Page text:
Thoreau Redux


Thoreau Redux
Copyright, such as it may be, by Ronald Gardner
July 30, 2016
(Estimated reading time: about 2 minutes)
(Estimated composing time: perhaps 15 minutes, including editing)

Imagine yourself, paddling your kayak, or your canoe, upon the lake, Ada Hayden Lake perhaps, gliding along slowly near the shoreline. A wonderful day, the bright sun shaded by a few welcome clouds, winds calm, water smooth, birds in their flight, fish jumping as they feed; a perfectly balmy, quiet moment for your thoughtful repose. All is right. Along the higher walking-path surrounding the Lake, one hears only a not so distant voice of an unseen person, asking, almost as if in some incredulous comprehension:

“What are you doing down there?”

And a good question, yet how does one reply, when it and its answer easily relate as much to the joys of paddling as it would be rather innocently founded upon one of the most unknown Questions and best replying Answers of early American literature, that of the stalwart Henry David Thoreau to the astonished inquiry of Ralph Waldo Emerson.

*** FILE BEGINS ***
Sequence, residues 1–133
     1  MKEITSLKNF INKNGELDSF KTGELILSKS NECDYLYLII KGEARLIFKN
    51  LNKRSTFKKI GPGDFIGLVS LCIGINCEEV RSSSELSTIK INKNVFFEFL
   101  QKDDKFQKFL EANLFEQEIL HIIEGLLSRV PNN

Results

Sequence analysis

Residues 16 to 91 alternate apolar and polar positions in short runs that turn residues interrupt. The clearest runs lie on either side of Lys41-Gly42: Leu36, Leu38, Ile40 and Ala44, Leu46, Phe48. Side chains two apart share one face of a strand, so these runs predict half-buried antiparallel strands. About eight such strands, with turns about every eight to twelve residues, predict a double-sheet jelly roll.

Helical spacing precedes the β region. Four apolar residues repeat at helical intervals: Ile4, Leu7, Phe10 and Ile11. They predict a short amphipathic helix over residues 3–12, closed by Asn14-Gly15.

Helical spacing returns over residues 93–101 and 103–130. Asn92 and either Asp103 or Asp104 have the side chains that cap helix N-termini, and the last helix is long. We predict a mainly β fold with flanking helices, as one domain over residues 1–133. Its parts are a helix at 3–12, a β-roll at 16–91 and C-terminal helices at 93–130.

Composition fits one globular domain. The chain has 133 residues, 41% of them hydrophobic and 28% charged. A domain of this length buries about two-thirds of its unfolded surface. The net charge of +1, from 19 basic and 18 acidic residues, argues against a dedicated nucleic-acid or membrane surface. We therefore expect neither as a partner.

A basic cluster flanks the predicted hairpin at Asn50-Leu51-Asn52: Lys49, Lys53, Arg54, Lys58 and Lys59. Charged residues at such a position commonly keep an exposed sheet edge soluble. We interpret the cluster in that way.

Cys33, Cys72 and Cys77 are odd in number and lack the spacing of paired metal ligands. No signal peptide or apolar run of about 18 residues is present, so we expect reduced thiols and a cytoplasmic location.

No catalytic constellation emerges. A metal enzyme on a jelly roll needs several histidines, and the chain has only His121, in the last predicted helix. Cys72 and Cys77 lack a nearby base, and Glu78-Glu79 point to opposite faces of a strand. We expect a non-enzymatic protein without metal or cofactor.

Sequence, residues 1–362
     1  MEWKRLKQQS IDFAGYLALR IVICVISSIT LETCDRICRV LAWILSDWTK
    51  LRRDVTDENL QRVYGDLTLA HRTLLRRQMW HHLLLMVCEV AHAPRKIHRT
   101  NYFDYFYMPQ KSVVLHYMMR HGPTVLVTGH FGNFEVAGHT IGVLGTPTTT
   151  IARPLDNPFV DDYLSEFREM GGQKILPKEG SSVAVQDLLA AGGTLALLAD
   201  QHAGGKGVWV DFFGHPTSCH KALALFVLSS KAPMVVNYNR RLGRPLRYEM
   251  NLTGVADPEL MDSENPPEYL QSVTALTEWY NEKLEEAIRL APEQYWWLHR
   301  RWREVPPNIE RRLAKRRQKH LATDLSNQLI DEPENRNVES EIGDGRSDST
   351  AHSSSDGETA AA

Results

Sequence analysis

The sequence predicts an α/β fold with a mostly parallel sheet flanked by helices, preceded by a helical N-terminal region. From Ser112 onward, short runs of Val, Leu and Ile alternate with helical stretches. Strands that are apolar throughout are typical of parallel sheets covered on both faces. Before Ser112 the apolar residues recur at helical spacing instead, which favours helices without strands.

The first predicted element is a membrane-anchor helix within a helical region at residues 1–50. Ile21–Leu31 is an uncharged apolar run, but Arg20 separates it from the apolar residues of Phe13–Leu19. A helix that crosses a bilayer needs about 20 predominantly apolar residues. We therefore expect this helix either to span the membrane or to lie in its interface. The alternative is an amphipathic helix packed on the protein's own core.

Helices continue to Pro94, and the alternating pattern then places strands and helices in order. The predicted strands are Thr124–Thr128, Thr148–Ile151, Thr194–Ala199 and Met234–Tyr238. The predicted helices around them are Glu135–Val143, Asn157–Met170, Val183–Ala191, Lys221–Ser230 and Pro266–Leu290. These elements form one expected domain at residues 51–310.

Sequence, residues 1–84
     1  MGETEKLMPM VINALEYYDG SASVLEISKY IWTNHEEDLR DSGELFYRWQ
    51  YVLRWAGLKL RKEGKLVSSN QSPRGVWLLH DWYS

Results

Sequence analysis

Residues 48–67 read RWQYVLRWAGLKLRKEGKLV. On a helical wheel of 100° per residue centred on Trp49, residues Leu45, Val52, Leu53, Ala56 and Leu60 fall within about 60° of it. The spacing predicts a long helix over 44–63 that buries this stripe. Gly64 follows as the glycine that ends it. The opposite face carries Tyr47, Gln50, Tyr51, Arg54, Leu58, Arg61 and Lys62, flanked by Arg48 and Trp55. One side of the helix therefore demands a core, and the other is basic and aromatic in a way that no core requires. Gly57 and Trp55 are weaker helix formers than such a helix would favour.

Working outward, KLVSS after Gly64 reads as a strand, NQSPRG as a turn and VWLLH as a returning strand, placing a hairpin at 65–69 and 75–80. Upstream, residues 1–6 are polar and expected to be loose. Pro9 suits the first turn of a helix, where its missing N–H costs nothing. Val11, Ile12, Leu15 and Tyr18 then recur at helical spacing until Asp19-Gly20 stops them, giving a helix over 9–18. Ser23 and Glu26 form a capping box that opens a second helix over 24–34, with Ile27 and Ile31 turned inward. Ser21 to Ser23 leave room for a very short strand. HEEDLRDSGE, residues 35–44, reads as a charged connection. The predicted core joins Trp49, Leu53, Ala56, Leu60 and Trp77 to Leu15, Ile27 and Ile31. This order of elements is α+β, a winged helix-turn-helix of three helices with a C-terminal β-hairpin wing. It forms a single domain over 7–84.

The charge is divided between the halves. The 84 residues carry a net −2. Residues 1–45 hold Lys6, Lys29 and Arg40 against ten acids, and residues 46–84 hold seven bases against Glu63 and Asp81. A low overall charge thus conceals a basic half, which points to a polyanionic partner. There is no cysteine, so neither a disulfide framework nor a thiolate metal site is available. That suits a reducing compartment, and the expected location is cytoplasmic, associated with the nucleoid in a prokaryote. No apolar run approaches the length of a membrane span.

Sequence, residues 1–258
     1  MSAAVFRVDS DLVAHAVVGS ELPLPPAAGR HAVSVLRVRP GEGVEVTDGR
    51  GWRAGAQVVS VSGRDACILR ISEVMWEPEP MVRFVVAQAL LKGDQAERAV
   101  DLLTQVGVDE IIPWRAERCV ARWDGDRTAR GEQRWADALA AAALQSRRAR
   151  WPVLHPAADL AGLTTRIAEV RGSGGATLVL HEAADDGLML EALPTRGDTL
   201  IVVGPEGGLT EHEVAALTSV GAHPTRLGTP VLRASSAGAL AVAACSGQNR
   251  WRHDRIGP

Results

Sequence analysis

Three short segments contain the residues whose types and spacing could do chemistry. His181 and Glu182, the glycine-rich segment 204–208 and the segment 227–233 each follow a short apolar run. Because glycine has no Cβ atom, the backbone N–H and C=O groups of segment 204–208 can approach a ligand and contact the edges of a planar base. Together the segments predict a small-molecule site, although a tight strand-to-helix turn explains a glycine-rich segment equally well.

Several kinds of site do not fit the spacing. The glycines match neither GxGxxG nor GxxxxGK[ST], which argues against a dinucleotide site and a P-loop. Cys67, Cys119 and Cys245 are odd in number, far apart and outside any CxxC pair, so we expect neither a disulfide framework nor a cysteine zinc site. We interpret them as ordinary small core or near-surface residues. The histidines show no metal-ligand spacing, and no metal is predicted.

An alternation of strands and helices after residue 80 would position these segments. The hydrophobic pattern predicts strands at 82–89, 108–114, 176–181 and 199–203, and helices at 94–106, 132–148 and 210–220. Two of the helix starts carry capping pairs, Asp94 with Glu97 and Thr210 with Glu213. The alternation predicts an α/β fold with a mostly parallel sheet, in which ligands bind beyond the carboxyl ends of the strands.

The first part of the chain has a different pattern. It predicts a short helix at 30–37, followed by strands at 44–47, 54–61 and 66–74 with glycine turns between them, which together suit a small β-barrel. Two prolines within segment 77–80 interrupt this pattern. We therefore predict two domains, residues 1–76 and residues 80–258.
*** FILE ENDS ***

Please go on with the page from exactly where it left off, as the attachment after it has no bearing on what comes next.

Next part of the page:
Thoreau, as many know, was protesting some form of tax which he refused to pay, and for that he was placed into a small locked shack, which among honest people of the time represented the semblance of a jail house. Rarely is it known that upon hearing of his friend Thoreau forced into such a circumstance, Emerson arrived to visit. Standing outside the makeshift jail, near the small window and seeing Thoreau inside, Emerson asked: “Henry, what are you doing in there?” To which Thoreau replied: “Waldo, what are you doing, out there?” The implication being, Why are you not protesting also. Again, a good question.

And there you are, still on the Lake in your favorite boat, floating about with the gentle waves and whisping winds, hearing from that nearby voice with the same inquiry, of:

“What are you doing down there?”

To which you reply, in a modest suggestion of invitation:

“What are you doing, up there?!”


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